Our posts have not been very joyful recently so we thought we share some photos of the chicks growing up in Penny's box. These two yellow-eyed penguin chicks have been treated successfully and are certainly a handful for their doting parents now that they are feeling better. They are very lively and healthy now and we are hopeful they will make it. There is good reason to be optimistic! Enjoy!
We had a 4 days of no yellow-eyed penguin chick deaths and when we were just about to breathe a sigh of relief we have more dead. We are now down to 52 chicks all together (started with 85!) - three fewer than last year and a 39% mortality all up. It's been a terrible few weeks and we are disappointed that despite our best efforts we have been unable to keep more alive. We are at a loss as to what else we could do. Even chicks with Diphtheria that had been on antibiotics for 3 or 4 days have now died. They were young but should not have succumbed.
The photo is of two chicks that have made it without meds so far! These are the strong ones!
Yes, it was another good day for our yellow-eyed penguin colonies. No deaths again but we diagnosed another 3 nests with chicks that have diphtheria - a total of 5 chicks - but we got them in time and believe that they will make it. The photo shows the two chicks from the Penny's box being treated today. The bold flippers are still very much evident but they are growing and are responding well to the treatment. We still have some quite small chicks in our colonies as well that we need to keep a very close eye on but we are cautiously optimistic that we might be over the worst - and the light at the end of the tunnel is not an on-coming train!!!
... when all the chicks in the colony are alive. Today we did a nest round and all our yellow-eyed penguin chicks were alive. Our last death was yesterday and with every passing day the remaining chicks are getting older and stronger. We are keeping fingers and toes crossed and eyes open so we can help where required.
Thank you all for your kind messages, interest and support. Here is a wee intact family in our special Penny Hack box. They are both getting medicine and so far so good. They have almost completed their course of antibiotics and then they ought to be fully in the clear. Phew!
Things are not good. We had really good hatching in our yellow-eyed penguin colonies with a total of 85 chicks. Now we have lost a third of them. Every one of them died younger than 2 weeks old. Five went missing - no idea, 17 died so quickly we could not diagnose, never mind treat them and of the 23 chicks we treated with antibiotics 8 have died anyway. So a total of 30 chicks have died so far and we don't know what else we can do. They are all checked every other day once they reach 5 days old but many died before then. Others were fine on one visit and dead 2 days later.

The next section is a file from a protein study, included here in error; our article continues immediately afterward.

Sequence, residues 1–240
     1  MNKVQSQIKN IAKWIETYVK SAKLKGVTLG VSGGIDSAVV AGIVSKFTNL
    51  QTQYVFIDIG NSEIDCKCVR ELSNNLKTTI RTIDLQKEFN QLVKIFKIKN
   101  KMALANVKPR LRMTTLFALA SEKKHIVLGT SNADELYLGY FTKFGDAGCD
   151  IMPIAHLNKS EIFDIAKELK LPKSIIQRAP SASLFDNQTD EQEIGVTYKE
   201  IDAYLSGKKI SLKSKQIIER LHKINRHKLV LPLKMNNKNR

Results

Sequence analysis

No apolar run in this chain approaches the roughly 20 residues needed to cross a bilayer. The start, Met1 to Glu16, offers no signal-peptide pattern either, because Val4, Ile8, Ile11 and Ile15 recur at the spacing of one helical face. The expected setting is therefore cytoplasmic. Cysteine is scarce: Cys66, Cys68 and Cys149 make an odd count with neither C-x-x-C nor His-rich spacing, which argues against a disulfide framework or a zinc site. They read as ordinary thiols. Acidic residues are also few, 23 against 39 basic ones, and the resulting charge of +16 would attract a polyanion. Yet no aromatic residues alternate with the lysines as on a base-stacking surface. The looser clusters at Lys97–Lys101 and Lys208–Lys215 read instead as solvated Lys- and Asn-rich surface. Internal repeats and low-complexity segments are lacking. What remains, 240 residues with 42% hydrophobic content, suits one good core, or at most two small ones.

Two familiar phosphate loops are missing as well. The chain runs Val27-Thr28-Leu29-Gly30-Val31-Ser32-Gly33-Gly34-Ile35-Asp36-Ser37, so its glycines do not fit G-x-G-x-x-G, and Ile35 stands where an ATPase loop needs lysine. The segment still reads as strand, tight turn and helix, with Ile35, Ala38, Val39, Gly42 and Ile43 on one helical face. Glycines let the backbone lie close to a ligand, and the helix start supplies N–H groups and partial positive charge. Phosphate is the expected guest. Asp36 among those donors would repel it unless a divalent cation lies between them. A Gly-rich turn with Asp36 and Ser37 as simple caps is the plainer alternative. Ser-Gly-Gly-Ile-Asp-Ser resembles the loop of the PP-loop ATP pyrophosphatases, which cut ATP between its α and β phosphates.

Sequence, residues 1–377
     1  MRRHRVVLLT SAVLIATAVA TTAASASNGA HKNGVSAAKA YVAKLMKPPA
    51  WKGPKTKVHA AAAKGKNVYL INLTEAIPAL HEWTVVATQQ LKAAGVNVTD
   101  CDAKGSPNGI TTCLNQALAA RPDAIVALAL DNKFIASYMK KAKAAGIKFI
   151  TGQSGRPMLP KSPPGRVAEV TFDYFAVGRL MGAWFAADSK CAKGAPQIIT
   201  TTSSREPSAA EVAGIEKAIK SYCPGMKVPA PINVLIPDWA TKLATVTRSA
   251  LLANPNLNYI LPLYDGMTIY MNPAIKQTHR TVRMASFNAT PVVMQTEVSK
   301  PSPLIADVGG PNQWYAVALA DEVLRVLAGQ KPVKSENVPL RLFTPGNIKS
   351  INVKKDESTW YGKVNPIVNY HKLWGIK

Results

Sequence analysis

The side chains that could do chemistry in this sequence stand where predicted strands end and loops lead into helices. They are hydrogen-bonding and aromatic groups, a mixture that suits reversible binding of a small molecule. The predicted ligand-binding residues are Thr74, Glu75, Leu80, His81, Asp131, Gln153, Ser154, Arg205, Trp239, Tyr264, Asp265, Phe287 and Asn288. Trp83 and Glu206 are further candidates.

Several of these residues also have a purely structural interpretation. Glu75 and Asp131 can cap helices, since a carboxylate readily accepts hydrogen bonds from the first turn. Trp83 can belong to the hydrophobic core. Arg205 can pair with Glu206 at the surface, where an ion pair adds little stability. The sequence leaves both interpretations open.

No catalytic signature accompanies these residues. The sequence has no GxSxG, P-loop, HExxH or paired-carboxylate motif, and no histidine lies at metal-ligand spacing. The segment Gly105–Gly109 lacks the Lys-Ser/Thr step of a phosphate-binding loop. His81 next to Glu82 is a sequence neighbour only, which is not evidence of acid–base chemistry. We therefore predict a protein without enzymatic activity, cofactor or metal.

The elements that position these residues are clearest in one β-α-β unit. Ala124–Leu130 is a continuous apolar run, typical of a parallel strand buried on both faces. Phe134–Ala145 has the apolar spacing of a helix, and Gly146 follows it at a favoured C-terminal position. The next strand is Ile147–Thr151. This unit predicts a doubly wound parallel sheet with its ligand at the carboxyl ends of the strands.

The photo shows a 10 day old chick with classic Diphtheria symptoms of loss of feathers on the flippers and upper back, a sunken neck but no plaques in the mouth anymore. Here it is getting it's last dose and it will be ok. We only wish all our chicks had a good outcome as this one.
Most of our yellow-eyed penguin parents have now got chicks. This is Thor, a very special wee chick that was sponsored by a generous donor. He hatched on 28 October with his sibling and is one of a number of chicks who have fallen ill with Diphtheria. He recovered with medication from us and with the tender care from his parents and he is now in the clear. His parents have raised many chicks in the past so he has a good chance to make it now. Good luck, little Thor! We will be watching!
Here is our stressed yellow-eyed penguin pair after the fight is over and the intruder has been expelled. He is bringing a bit of nesting material and they have a bit of a smooch - aka mutual preening. It affirms their pair bond and maybe settles the nerves a little as well. Quite the contrast to the ferocious fighting they are capable of!
We were quite shocked at the frequency of our fighting yellow-eyed penguin trio - even in the dark! - and the determination of the lonely male to have an egg to sit on. Here he is again intruding on the neighbouring pair with both of them home. It is not possible to say which is which but a good guess is that the male was in front of the nest and did the fighting with the intruder while the female was on the nest.
and not in a good way. Over the last couple of years the surplus of yellow-eyed penguin males in our colonies has increased and our trail cameras have picked up a new issue: single - and lonely - males have tried to take over the neighbouring nests and the fights that have ensued have resulted in the loss of an egg (this happened in two different nests). The video below shows such a vicious fight. When we realised this was happening we took the remaining egg and fostered it to a pair without these problems and gave these a plaster egg. The fights did not stop and now that their egg is due to hatch we decided that a fragile newly-hatched chick would not survive despite the best efforts of its parents to protect it. We took their plaster egg away and they are having the summer off to sort out their differences with their neighbour - maybe move away to another nest site.
Every year we are learning something new about these penguins and we need to be vigilant to protect the next generation.